• A SECOND LINE OF DEFENCE TO ELECTRICAL HAZARDS

A SECOND LINE OF DEFENCE TO ELECTRICAL HAZARDS

A SECOND LINE OF DEFENCE TO ELECTRICAL HAZARDS

Understanding the role of foot protection to electrical hazards

By Dr Caleb Wegener PhD (Biomechanics), B App Sc (Pod) Hons

Footwear Research & Innovation, Mack


Contact with electricity is the third largest cause of death in the construction industry accounting for 15% of all fatalities in the industry1.  As would be expected electricians account for 49% of the construction industry fatalities due to electrocution. However, other trades are also at a substantial risk of electrocution because of exposure to electrical cables and power tools on construction sites1.

Electrical hazards are serious threats in the workplace that are invisible to the worker. While most workers understand the high risks involved with electricity and treat it with due respect many of the hazards are not easily identifiable. Some construction sites for example, are especially dangerous due to temporary electrical supply and the use of electrical power tools that can easily expose or sever electrical cables.

The majority of health and safety personnel only think of safety footwear providing protection to impact injuries in the toe region. However, international safety footwear standards also provide protective features to other risks that occur in the workplace including electrical hazards.

FOOTWEAR

Electrical shock resistant footwear (EH) can provide a secondary source of protection to workers who accidentally come in contact with live electrical circuits, electrically energized conductors, parts or apparatus. EH certified footwear is tested to ASTM F2413-11 and is required to resist 14 000 V (rms) at 60Hz for 1min under dry conditions. EH footwear however, needs to be maintained in good condition to remain an effective second line of defence to electrical shock as the electrical insulating properties can deteriorate when the footwear has an excessively worn outsole, and/or has been exposed  to wet and humid conditions. Due to these potential changes in the level of protection provided by EH footwear during wear, it is essential that workers consider EH footwear as an additional line of defence to accidental contact and not part of their primary protection plans.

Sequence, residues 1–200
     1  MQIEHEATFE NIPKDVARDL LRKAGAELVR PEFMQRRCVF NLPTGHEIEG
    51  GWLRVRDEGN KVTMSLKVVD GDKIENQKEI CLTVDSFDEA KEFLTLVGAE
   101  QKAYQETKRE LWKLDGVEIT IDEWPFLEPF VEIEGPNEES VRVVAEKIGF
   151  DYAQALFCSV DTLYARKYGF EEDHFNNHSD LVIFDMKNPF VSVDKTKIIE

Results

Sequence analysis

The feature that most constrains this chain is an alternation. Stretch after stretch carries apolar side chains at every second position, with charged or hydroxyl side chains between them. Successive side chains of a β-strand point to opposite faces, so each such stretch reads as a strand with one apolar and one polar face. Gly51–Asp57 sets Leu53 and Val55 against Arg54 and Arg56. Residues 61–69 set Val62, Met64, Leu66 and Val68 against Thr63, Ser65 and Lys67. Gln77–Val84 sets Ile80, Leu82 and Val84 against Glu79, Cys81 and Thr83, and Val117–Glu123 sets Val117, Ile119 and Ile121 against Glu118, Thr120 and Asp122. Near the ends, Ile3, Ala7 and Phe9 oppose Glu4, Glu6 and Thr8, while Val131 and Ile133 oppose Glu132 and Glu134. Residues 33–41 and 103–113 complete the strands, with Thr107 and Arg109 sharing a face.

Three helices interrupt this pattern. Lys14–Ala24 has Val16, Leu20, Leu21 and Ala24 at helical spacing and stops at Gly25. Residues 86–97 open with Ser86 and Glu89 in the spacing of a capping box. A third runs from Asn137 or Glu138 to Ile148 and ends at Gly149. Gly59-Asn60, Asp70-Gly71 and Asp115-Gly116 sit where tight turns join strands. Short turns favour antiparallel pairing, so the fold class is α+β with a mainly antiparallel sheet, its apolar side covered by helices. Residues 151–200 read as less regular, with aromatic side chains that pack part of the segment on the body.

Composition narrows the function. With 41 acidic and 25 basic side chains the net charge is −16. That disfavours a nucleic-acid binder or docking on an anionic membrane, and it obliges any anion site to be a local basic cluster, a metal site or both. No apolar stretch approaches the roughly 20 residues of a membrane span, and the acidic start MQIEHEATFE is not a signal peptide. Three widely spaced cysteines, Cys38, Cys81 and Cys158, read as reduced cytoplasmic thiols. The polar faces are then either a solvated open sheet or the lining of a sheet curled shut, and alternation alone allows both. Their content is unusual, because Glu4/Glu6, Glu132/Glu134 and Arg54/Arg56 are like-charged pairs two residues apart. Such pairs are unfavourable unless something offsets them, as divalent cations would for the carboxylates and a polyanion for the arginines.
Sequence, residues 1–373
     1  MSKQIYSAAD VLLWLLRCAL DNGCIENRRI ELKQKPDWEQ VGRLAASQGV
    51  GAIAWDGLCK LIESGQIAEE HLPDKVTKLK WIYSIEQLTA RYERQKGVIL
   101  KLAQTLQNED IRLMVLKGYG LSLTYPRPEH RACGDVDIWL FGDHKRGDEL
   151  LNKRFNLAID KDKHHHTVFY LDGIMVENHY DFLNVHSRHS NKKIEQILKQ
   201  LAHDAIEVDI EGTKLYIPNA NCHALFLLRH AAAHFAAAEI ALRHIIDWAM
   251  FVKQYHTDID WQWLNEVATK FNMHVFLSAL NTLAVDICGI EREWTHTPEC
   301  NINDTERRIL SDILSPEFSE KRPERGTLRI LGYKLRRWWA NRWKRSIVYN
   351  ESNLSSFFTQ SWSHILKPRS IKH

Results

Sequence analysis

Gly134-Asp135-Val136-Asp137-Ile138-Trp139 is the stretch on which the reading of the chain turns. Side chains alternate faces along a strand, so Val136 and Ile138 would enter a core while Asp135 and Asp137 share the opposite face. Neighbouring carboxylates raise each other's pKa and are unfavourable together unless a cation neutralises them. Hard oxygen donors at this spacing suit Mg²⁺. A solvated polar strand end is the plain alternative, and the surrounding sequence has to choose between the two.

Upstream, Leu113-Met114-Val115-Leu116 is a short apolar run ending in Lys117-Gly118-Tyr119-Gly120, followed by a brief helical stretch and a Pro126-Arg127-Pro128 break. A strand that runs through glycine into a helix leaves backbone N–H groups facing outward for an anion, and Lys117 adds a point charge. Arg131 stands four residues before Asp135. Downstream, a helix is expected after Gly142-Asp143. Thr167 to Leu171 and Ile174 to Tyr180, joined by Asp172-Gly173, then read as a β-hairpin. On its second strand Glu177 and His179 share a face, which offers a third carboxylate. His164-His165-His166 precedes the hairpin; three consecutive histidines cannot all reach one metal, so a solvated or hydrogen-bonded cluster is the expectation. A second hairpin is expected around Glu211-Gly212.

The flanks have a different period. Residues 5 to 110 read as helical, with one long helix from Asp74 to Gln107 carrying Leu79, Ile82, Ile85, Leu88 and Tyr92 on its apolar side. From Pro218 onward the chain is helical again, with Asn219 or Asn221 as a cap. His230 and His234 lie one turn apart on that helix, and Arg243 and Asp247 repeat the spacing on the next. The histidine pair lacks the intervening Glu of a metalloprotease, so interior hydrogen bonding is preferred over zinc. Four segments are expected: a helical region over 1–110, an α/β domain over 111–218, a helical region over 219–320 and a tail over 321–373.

Fig 1. The Mack Titan II is electrical shock resistant

and completely metal free making it ideal electricians and construction workers. 

Safety footwear typically contains metal components in the safety toecap, shank and eyelets that have the potential to conduct electricity if exposed. It is important to note that these items do not typically comprise a specific safety risk to electrical shock when the footwear is in good condition as they are typically covered with non-conductive materials. However, excessively worn upper or lining materials can expose metal componentry potentially reducing the effectiveness of EH footwear. Conversely, EH footwear can be manufactured to be completely metal free while still providing the same levels of protection from impact or crush injuries by utilising composite toecaps, non-metal eyelets and TPU shanks. This means that even if the leather on the footwear happens to be split and the toecap is exposed, the toecap will not conduct electricity.

CONCLUSION

EH footwear can be an effective second line of defence against accidental electric shock. This is particularly beneficial in workplaces such as construction sites where it is difficult to control workers exposure to electrical hazards. EH footwear should be monitored and replaced regularly to ensure that it provides a level of protection comparable to those provided in the test environment.  

 REFERENCES

1. Work-related Injuries and Fatalities in Construction, Australia, 2003 to 2013. June 2015, Safe Work Australia, Canberra, Australia.